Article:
The baseball season is long and expansive: players reach peaks and lows and experience plateaus several times during the six months of play. To view spring training as anything other than a quick exhibition of up-and-coming minor league talent or a chance for seasoned players to warm up before the start of the gruelling season is naïve.

Marcus Stroman is the opening-day pitcher for the Jays. His first pitch on March 28 will start the baseball season for Toronto, and we’ll all just have to take it from there.

Major League Baseball awards bookend an eventful season

There’s always next year for the Blue Jays

Major League Baseball awards bookend an eventful season

The Boston Red Sox won the 2018 World Series, handing the Los Angeles Dodgers their second World Series loss in a row. Whether you’re a Dodgers fan wallowing in disappointment all over again, a Red Sox fan celebrating your club’s ninth championship, or even a Blue Jays fan forgetting already almost all that has happened this season and thinking wistfully of the impending Guerrero era, you’d be inclined to agree that 2018 was a pretty fun season for baseball.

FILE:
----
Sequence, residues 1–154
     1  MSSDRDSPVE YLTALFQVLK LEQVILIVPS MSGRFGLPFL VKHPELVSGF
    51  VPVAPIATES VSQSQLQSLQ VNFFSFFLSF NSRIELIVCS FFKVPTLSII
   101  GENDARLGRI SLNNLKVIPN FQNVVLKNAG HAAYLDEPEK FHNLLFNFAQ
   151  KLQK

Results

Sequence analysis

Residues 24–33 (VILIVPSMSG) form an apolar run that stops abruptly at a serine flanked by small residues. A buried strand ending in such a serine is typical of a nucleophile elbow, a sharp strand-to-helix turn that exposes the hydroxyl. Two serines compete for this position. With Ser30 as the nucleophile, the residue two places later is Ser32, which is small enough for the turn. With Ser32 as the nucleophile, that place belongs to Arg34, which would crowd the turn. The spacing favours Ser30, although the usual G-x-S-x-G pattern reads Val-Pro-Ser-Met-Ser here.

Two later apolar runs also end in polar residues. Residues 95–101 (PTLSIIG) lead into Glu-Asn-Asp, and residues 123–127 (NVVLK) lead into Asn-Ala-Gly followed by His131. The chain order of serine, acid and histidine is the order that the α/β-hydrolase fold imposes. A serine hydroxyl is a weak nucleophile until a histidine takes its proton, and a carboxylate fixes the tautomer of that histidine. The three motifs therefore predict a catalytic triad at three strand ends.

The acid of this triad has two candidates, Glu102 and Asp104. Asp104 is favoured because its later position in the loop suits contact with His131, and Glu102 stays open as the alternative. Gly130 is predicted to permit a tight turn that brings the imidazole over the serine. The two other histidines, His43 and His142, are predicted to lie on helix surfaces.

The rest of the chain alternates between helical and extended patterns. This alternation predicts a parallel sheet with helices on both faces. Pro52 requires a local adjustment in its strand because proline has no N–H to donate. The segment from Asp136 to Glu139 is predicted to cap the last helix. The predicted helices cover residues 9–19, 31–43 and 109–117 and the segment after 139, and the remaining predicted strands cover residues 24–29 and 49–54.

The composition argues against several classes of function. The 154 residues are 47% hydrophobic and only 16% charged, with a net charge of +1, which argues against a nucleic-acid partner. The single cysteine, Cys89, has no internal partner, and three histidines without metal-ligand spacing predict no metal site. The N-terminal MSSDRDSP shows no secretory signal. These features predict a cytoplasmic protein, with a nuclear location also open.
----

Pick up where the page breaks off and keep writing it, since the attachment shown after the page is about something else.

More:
For starters, there were three teams who recorded no-hitters — up from last year’s grand total of one. Oakland’s Sean Manaea secured one, and Los Angeles’ quartet of Walker Buehler, Tony Cingrani, Yimi Garcia, and Adam Liberatore combined to secure another no-hitter. In addition, Seattle’s James Paxton became the second Canadian-born pitcher to record a no-hitter; even more symbolic is that he achieved this feat against the Toronto Blue Jays at the Rogers Centre.